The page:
Outlet Technology

Earlier this year, Harrell Remodeling Designer Genie Nowicki, spent three days at the annual Kitchen & Bath Industry Show (KBIS) where she was immersed with the latest industry products, trends, and technologies. Although not as sexy as steam showers, spa bathtubs, and the latest fixtures, electrical outlet technology was prevalent at KBIS.

According to Genie, “Kitchens and bathrooms have considerable code requirements. These are spaces in which numerous appliances are used around water, so there are strict guidelines around the placement and type of outlets used. At KBIS, there were some really exciting solutions to make unsightly outlets more visually pleasing, or unique ways to hide them completely.”

Outlet Technology

With more and more devices requiring USB ports for charging, electrical outlets are finally incorporating this technology and docking stations are being integrated into kitchens and baths.

Smart WiFi plugs are remote control devices, enabling automation to actively manage any appliance, light, or device via an app or using a smart home assistant. Affordable and easy to install, these smart plugs allow you to control or schedule lights and temperature, pre-heat hair styling devices with the touch of a button, regulate your kid’s access to gaming consoles and television, and monitor your home’s energy efficiency.

For years, outlet trim plates have been available in a variety of colors, designs, and finishes but the outlets themselves hadn’t followed suit. Finally, outlets are being designed in a number of metallic finishes to create a seamless, cohesive appearance.

Creative Outlet Placement in the Kitchen

GFCI outlets are required to be placed every four feet in a kitchen, and within two feet or less of the edge of a sink or cooking surface. There are multitudes of ways to make outlets less conspicuous, maintaining function without compromising the aesthetics of your space.

  • Under cabinet outlets: The outlet or outlet strip is hidden from view but may have “dangling” appliance cords.
  • Pop-up outlets: Tucked into the surface of a countertop, these low-profile outlets are made accessible by simply pushing on the them to have them ‘pop’ above the counter or pushing them down to hide them away. These may not be accepted by all building departments.
  • Outlet post: Nestled between cabinets, a post is a great way to incorporate outlets.
  • Hinged cabinet facade: Hiding outlets behind a hinged drawer façade allows accessibility when needed but is disguised when not in use.
  • Recessed below counter: An outlet strip can be hidden underneath a deep countertop edge, peninsula, or island overhang for easy access without compromising design.
  • Inside drawers/cabinets: A great place to install a docking station for tablets, phones, and others devices.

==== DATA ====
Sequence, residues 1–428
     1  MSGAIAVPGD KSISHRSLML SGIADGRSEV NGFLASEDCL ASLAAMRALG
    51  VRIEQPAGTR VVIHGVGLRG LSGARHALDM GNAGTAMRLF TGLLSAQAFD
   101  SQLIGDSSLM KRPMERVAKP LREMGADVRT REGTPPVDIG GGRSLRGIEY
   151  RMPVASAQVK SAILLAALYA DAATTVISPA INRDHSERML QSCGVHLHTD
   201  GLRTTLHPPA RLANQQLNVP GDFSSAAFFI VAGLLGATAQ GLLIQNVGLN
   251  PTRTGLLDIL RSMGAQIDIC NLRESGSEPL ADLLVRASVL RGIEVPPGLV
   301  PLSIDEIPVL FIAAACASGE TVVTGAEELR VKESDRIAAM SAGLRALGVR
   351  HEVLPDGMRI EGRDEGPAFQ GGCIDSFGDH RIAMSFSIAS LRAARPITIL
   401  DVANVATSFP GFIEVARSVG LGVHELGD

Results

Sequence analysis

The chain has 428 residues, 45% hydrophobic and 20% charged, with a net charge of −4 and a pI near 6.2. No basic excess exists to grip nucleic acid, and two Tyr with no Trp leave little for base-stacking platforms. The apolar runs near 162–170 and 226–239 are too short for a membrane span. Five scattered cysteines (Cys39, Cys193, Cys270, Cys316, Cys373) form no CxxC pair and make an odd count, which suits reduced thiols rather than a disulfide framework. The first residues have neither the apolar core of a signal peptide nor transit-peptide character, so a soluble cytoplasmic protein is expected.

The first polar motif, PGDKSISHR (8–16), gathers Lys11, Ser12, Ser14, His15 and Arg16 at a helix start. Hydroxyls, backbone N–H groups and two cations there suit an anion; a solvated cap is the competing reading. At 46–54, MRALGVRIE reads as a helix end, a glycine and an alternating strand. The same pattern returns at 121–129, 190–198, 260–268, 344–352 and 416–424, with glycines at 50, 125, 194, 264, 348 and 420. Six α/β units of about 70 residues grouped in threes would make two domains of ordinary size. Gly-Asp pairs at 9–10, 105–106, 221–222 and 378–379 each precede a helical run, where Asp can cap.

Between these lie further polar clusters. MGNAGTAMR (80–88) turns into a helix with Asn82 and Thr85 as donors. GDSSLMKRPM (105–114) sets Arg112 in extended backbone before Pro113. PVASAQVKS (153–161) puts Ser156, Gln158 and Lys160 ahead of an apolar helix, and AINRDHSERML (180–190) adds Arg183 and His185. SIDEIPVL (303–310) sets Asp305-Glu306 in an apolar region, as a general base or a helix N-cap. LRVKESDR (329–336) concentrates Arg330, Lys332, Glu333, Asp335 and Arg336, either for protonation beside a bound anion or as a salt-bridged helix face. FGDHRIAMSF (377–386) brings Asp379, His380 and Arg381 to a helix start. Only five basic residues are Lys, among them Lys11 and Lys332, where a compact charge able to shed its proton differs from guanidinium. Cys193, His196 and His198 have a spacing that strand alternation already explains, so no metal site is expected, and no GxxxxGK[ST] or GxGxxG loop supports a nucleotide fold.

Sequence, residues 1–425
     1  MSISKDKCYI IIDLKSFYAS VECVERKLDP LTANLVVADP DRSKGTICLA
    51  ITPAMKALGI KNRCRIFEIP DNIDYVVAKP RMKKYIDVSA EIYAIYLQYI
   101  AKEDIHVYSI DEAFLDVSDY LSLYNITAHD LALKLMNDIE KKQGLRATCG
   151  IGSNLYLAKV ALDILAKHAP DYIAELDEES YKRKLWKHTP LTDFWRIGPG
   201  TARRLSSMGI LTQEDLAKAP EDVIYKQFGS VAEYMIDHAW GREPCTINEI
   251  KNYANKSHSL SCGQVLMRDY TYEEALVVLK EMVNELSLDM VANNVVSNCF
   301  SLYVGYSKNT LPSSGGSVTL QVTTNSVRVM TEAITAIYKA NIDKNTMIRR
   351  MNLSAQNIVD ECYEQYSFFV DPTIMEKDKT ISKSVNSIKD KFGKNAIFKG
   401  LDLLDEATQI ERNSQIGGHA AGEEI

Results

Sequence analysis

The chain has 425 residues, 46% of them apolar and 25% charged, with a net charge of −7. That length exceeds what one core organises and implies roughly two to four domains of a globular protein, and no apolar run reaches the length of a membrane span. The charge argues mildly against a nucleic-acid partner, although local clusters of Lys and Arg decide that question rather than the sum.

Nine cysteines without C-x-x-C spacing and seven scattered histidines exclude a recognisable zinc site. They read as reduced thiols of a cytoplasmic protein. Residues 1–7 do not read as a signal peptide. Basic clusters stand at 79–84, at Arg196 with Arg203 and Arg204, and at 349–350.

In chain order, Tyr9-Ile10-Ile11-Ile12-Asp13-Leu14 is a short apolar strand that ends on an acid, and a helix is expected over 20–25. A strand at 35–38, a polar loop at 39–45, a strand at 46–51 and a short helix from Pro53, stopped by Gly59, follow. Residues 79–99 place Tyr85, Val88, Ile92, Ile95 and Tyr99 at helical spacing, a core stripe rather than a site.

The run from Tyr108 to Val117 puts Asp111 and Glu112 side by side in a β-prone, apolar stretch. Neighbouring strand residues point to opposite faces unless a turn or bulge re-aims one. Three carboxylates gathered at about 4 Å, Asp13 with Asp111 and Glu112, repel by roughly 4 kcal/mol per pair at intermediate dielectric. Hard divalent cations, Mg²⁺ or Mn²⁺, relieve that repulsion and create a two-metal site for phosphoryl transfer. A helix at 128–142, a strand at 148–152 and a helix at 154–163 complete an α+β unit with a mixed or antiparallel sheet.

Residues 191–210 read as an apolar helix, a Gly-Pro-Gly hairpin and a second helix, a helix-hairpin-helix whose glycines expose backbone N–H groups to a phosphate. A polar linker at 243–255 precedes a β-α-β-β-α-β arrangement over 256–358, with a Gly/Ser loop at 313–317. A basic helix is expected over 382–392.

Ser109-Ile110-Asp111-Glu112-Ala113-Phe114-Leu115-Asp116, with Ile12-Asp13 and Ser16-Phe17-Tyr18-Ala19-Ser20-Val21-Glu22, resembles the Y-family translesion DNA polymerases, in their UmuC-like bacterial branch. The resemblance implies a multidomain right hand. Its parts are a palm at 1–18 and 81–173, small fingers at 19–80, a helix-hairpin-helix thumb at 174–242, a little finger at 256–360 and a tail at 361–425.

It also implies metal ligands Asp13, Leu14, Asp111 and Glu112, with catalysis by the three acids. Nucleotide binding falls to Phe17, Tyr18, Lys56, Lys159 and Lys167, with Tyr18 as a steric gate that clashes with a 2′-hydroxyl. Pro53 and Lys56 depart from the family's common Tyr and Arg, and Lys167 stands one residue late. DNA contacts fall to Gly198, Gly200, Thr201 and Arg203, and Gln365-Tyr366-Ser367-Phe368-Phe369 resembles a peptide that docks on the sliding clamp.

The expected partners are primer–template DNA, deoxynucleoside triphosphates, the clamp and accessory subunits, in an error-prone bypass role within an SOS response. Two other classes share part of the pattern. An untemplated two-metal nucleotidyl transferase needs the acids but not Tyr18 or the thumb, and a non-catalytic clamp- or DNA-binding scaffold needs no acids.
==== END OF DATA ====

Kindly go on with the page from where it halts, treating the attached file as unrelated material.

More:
Creative Outlet Placement in the Bathroom

Just as in kitchens, our bathrooms must have GFCI outlets and have equally strict requirements on placement. We typically have a number of personal grooming devices that can crowd our countertops, creating a tangle of cords and a battle over outlet access. This can be resolved with creative and functional outlet placement.

  • Medicine cabinets with built-in outlets: great for storing and charging electric razors and toothbrushes.
  • Inside cabinets: A great way to get outlets off walls is to place them inside cabinets. USB outlets allows for charging of phones, wireless speakers, and tablets.
  • Underneath counters: An ideal blend of accessibility and functionality.
  • Inside drawers: Outlets at the back of a drawer is ideal for plugging in hair styling or personal grooming devices.
  • Pop-up outlets: These low-profile outlets work well in bathrooms and can be set into the countertop.

“It’s always exciting to offer clients inventive new ways in which to integrate outlets in bathrooms and kitchens that both maximize and personalize the function and beauty of the space. Plus, the evolving technology that allows homeowners to control appliances at the touch of a button is very desirable,” shares Genie.

Are you dreaming of updating your kitchen or bath? Schedule a complementary meeting today and allow the design team at Harrell Remodeling to help you discover what’s possible.

Genie Nowicki, senior designer, holds numerous certifications in design, and is a renowned authority of Universal Design, and the recipient of multiple awards. Genie joined the Harrell Remodeling team after years of running her own successful design business. Beginning her career in the world of income tax planning, she made a career leap in 1990 to the equally “detail and code-filled world” of kitchen and bath design. Genie obtained her Certification in Professional Kitchen and Bath Design in 1992 and achieved her Certified Kitchen Designer (CID) and Certified Bath Designer (CBD) status in 1996. After passing another rigorous examination, she became a Certified Interior Designer (CID) in the State of California in 2002 and a Certified Aging in Place Specialist (CAPS) in 2006. Her experience has included residential interior design, kitchen and bath design, barrier free/Universal Design, lighting design, and participation in numerous showcase houses in the Bay area, as well as several commercial projects. Genie prides herself on listening to her clients and providing timeless design work that is appropriate to her clients, their lifestyles, and their homes. Her excellence in design has been recognized with awards, projects published in local and national magazines, and a Sunset design book, and an article she wrote was featured in the Fine Homebuilding Kitchen and Bath Annual Issue.